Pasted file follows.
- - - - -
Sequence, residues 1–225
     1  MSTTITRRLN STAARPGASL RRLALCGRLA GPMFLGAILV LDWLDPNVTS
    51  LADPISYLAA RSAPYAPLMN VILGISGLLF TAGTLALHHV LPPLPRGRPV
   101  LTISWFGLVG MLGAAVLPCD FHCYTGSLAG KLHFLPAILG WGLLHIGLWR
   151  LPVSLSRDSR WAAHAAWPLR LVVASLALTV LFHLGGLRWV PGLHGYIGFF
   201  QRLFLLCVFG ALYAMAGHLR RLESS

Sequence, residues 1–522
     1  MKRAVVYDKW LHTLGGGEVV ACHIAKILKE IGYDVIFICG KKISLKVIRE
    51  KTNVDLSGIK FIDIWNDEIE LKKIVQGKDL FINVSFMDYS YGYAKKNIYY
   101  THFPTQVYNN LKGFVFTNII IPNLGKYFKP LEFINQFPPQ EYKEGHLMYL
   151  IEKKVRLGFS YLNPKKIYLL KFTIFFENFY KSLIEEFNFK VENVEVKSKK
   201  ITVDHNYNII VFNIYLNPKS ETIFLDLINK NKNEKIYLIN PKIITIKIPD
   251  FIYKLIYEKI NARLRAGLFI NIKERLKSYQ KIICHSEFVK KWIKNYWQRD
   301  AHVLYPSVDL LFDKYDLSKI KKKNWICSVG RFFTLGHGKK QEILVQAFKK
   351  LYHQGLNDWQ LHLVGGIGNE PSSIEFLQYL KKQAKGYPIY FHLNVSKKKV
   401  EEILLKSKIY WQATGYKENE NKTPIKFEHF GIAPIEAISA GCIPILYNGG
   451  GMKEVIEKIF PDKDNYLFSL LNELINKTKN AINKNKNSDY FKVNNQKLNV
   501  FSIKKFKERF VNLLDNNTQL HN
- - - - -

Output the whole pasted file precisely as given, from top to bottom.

Sequence, residues 1–225
     1  MSTTITRRLN STAARPGASL RRLALCGRLA GPMFLGAILV LDWLDPNVTS
    51  LADPISYLAA RSAPYAPLMN VILGISGLLF TAGTLALHHV LPPLPRGRPV
   101  LTISWFGLVG MLGAAVLPCD FHCYTGSLAG KLHFLPAILG WGLLHIGLWR
   151  LPVSLSRDSR WAAHAAWPLR LVVASLALTV LFHLGGLRWV PGLHGYIGFF
   201  QRLFLLCVFG ALYAMAGHLR RLESS

Sequence, residues 1–522
     1  MKRAVVYDKW LHTLGGGEVV ACHIAKILKE IGYDVIFICG KKISLKVIRE
    51  KTNVDLSGIK FIDIWNDEIE LKKIVQGKDL FINVSFMDYS YGYAKKNIYY
   101  THFPTQVYNN LKGFVFTNII IPNLGKYFKP LEFINQFPPQ EYKEGHLMYL
   151  IEKKVRLGFS YLNPKKIYLL KFTIFFENFY KSLIEEFNFK VENVEVKSKK
   201  ITVDHNYNII VFNIYLNPKS ETIFLDLINK NKNEKIYLIN PKIITIKIPD
   251  FIYKLIYEKI NARLRAGLFI NIKERLKSYQ KIICHSEFVK KWIKNYWQRD
   301  AHVLYPSVDL LFDKYDLSKI KKKNWICSVG RFFTLGHGKK QEILVQAFKK
   351  LYHQGLNDWQ LHLVGGIGNE PSSIEFLQYL KKQAKGYPIY FHLNVSKKKV
   401  EEILLKSKIY WQATGYKENE NKTPIKFEHF GIAPIEAISA GCIPILYNGG
   451  GMKEVIEKIF PDKDNYLFSL LNELINKTKN AINKNKNSDY FKVNNQKLNV
   501  FSIKKFKERF VNLLDNNTQL HN